On the pressure she feels: We have to be really good here, and we have gone through some tough times. It doesn't matter what aspect of our work it is. It could be basketball today, and after this press conference ends, there is a whole lot of other stuff going on across campus. We feel it every day. It has to be right. You put people in places that you can trust who will bring a work ethic and credibility to their job. They will hire good people around them and they will go. The great thing about Karen is she isn't scared. She has no preconceived notions about where we are, what the challenges are and she has never been scared. She is fearless and relentless in a good way in regard to her approach. I was not in the players meeting last night but I introduced her to them. I sat in the coaches' office next door, and when they came out, the kids were amazingly connected. They were fired up and they were cheery. In some ways, this is hardest on the kids when there is transition. You think they can just go about their way, but this has been hard for them. The pressure I felt the most was to get them a leader, get them a coach and get them back in structure, so they know who to go to. It is such an incredibly scary time when you don't know who your leader is. The pressure (we have) is for the kids and you have to get it right so they have a great experience.
On whether Coach Aston was the only person she brought to campus to interview: Yes.
On why she interviewed Coach Aston in Austin and not at the coaches' convention in Denver: That really isn't a place that you can really conduct business.
Women's Basketball Head Coach Karen Aston
Opening statement: All I can say is "wow!" at all these familiar faces. That's been the most fun thing, is walking in this door and seeing all of the people that I truly feel like are friends. I don't know that you will be forever, but you are today. All great, great familiar faces. I want to, first of all, thank President (William) Powers, Chris Plonsky, obviously, and (UT men's athletics director) DeLoss (Dodds) for believing...believing in me, and believing in Texas and what it's all about. Believing that we can make Texas a traditional power in women's basketball again. I think that's what we all dream about. That's what we all are pursuing at Texas. I'm thrilled to be back.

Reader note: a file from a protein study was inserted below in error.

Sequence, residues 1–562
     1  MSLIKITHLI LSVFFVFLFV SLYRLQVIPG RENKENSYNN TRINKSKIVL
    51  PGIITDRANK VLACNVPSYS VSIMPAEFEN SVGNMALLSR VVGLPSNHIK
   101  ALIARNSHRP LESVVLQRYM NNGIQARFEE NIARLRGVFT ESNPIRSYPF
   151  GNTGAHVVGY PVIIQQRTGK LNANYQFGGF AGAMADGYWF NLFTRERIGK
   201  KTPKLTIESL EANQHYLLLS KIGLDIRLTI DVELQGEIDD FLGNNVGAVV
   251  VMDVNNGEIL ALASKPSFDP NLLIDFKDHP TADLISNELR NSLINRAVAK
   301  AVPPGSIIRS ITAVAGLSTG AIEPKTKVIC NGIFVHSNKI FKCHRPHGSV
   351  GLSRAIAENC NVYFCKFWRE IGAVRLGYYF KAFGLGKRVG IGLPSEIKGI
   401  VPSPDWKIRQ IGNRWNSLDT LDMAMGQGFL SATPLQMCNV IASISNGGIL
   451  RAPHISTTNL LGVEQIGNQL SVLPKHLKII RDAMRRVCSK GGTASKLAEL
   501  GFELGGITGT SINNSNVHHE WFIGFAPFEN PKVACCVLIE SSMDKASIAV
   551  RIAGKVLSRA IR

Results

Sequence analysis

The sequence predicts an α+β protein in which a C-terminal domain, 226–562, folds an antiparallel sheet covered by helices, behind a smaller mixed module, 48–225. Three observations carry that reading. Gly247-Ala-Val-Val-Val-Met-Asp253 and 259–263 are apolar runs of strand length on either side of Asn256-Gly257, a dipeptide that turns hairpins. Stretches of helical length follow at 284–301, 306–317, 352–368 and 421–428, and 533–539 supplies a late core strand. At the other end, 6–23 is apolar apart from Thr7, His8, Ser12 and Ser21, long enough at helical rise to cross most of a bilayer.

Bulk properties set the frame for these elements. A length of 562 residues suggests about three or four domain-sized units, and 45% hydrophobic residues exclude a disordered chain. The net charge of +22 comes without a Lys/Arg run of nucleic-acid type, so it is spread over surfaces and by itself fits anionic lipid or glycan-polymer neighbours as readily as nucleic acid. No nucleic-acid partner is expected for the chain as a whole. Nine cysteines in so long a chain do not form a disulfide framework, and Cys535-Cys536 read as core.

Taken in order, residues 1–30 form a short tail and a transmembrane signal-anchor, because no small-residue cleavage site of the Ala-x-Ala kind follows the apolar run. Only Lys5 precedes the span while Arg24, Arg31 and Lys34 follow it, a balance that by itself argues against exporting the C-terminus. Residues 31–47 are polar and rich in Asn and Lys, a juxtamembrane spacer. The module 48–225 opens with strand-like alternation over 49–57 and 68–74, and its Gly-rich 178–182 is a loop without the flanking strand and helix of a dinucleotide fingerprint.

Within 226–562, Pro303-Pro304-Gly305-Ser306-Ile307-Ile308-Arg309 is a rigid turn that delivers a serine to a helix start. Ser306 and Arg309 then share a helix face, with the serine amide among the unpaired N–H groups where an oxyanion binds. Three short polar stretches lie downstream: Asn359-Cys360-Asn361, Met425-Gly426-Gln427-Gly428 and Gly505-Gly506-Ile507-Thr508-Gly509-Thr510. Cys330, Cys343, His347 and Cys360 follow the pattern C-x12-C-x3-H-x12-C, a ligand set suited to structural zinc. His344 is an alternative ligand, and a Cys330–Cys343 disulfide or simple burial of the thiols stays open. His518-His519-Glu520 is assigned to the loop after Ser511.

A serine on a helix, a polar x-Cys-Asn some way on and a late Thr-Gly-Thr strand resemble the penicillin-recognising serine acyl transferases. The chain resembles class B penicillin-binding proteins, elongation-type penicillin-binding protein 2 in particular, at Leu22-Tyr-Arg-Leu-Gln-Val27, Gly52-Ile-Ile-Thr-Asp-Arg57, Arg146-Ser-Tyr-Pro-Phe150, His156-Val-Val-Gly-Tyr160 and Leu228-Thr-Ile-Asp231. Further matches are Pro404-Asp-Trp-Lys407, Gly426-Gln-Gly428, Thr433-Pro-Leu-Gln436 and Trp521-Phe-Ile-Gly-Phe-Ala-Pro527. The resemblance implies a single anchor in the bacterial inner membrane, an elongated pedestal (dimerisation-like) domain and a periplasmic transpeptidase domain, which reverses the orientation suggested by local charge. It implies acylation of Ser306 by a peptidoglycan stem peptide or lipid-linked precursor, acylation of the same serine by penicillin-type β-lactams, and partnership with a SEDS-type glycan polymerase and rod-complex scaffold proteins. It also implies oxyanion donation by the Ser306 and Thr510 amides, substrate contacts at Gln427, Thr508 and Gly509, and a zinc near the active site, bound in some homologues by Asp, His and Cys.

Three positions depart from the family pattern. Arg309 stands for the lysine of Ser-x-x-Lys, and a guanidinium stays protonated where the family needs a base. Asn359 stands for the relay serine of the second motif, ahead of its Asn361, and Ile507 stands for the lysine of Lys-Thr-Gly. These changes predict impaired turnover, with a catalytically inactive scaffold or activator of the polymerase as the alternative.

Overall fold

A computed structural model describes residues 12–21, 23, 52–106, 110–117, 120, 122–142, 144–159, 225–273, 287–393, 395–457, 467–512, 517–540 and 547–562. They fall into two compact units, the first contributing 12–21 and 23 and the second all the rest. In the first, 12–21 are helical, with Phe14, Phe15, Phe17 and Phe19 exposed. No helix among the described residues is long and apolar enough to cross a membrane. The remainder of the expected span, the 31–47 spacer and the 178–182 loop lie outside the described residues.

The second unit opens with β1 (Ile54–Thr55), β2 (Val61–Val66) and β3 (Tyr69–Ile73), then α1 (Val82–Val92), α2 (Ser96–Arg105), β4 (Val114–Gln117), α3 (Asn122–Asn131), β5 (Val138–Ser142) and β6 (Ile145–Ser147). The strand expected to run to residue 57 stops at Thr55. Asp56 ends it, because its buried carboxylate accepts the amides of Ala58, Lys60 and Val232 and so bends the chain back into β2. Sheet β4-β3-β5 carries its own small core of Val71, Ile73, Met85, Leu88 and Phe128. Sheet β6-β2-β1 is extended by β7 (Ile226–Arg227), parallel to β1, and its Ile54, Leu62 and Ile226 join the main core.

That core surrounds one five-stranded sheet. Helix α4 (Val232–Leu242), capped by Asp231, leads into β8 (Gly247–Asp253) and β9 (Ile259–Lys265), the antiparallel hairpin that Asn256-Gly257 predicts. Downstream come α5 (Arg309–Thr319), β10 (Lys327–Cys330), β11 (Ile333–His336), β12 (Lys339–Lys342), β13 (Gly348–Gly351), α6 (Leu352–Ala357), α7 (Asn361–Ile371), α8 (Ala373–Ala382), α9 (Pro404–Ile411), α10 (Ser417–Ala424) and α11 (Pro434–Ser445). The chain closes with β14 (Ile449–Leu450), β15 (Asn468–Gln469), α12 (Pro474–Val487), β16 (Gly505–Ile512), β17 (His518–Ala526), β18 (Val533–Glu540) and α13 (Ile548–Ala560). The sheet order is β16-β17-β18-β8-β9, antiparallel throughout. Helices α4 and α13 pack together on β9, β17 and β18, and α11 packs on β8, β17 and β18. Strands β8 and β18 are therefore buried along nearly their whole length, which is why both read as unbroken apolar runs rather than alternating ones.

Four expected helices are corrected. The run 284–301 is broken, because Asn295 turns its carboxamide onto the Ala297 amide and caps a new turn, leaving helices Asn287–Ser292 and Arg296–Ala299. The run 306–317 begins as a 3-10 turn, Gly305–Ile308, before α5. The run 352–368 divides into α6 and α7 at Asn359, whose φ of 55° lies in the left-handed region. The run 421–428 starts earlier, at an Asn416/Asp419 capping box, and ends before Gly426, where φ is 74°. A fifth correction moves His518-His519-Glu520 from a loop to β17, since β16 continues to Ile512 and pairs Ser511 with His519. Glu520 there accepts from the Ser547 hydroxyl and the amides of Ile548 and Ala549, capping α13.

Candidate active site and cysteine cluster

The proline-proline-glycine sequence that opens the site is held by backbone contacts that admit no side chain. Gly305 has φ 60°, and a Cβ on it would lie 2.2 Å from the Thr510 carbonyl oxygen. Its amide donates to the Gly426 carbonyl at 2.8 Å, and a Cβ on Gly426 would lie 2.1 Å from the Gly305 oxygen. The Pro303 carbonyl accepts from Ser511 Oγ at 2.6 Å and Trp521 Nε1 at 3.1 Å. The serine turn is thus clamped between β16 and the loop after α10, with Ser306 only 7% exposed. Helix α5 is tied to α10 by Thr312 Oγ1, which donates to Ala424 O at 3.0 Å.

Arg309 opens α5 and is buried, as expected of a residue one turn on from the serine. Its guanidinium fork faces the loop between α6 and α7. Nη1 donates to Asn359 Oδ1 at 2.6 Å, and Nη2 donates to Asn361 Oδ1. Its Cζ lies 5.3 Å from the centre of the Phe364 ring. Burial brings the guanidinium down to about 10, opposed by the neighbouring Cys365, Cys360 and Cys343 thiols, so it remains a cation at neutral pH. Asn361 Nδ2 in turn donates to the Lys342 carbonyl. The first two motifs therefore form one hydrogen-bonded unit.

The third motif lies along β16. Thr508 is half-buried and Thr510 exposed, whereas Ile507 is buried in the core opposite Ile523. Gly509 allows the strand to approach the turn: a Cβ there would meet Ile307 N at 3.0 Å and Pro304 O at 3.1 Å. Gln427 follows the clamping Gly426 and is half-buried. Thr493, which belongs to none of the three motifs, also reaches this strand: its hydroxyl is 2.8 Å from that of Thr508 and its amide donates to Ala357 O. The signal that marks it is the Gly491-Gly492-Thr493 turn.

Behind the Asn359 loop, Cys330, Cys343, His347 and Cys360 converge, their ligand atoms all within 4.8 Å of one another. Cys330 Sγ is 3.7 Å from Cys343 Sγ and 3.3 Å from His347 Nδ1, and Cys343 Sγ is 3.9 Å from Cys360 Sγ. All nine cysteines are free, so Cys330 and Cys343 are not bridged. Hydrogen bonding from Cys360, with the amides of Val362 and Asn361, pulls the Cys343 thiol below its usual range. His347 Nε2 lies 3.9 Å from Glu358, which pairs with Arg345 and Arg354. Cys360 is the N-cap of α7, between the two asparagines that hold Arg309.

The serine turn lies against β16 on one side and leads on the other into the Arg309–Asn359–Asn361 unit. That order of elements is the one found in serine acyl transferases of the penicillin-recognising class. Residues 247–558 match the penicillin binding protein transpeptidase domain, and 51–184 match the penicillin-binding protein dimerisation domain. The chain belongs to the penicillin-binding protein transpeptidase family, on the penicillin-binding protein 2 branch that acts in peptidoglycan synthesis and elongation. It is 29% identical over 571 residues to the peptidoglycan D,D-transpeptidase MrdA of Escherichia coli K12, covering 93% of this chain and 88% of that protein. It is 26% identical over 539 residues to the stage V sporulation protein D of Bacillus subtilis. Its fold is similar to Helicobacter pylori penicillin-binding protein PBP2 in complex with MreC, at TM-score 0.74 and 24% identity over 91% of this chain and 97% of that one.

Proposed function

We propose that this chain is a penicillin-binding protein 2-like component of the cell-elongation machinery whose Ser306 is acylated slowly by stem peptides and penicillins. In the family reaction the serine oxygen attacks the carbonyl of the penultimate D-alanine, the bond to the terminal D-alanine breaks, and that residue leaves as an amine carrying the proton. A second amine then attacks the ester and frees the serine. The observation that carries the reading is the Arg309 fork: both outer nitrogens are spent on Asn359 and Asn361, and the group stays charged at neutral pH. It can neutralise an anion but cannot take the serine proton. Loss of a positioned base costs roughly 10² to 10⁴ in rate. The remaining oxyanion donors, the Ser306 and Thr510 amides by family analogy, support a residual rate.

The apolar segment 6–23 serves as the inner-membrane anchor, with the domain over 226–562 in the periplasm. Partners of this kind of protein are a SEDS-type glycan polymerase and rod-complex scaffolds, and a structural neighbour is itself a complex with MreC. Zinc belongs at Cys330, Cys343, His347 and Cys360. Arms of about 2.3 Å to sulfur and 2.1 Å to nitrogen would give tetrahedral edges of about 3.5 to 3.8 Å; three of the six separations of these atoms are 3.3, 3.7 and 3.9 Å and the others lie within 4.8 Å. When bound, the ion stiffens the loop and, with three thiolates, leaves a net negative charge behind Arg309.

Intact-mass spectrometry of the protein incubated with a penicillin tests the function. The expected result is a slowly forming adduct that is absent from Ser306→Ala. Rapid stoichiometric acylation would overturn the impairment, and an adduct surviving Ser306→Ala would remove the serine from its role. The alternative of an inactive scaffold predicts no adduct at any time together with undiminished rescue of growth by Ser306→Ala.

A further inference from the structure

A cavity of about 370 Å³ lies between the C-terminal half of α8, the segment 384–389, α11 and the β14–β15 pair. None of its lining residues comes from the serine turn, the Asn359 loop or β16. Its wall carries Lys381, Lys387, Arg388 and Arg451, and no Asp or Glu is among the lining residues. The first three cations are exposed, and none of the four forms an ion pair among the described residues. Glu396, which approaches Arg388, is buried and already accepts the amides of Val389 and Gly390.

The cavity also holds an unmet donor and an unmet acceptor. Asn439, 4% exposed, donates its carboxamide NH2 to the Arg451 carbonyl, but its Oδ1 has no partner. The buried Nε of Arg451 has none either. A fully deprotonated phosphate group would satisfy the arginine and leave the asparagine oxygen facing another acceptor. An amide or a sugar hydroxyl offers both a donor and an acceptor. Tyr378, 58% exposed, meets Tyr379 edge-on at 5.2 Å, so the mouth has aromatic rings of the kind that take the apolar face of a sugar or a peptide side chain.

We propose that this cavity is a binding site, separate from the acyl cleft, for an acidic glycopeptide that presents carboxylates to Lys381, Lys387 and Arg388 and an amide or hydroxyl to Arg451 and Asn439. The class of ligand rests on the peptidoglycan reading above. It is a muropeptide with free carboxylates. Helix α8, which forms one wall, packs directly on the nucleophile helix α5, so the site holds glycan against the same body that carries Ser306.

I came back to the state of Texas a year ago, and everybody asked me, "Why?" And the simple fact was the best answer I could give them was, "It's Texas." It's a thrill to be back here, just to have the opportunity to, first of all, coach young women. I met with the players yesterday, and that's been the most exciting part for me, to meet them, and have the opportunity to work with players that are at this level and are striving for excellence like they are here. The other part is the tremendous expectation and opportunity for me and for Texas to reconnect. I think that is the word that really everybody should be using right now.
I feel a sense of responsibility and a sense of pride to reconnect with the high school coaches, the AAU coaches and the (Texas) Exes. I can't even describe the amount of text messages and phone calls that I have gotten from the Exes. There is one in here right now that I see. The pride they have for this University and this program is absolutely amazing. Honestly, my job is to make them happy. My job is to make Texas proud of the women's basketball program. My job is to graduate players. This University is all about excellence in every area. We've got to get back to having Scholar Athletes of the Year, All-Americans, Scholar All-Americans and All-Americans, in general. We haven't had one since '07. The ambition and the pride that we need to have to bring those things back have to be enormous at The University of Texas. There is work to be done. I understand that.
As Chris said, I think if you could describe me in one word it would be a "work horse." I will do everything I can to get Texas where it needs to be again. I am extremely, extremely humbled and proud to be here. Again, there are a lot of people to thank along the way. I'd like the opportunity to thank the people I have worked for. I think anybody that gets a chance to be in this position and coach at the greatest university in the country had some luck somewhere along the way. And I had the opportunity to work for tremendous people and coach great people.
I've just had a great life. I have had a great life. I have worked for Hall of Fame people. Every time I've made a step, it's been under someone that is in some Hall of Fame. [Former North Texas women's basketball head coach] Tina Slinker. [Former Louisiana Tech women's basketball head coach] Sonja Hogg. [Former Texas women's basketball head coach] Jody Conradt. [Baylor women's basketball head coach] Kim Mulkey. These people are all Hall of Fame people. I'd have to have been dumb to not have learned something working for that many people that are in a Hall of Fame. Obviously, aside from my high school coach, the biggest influence in my life as a basketball coach has been Jody Conradt. She made a tremendous difference in my life. I didn't know that until I left Texas.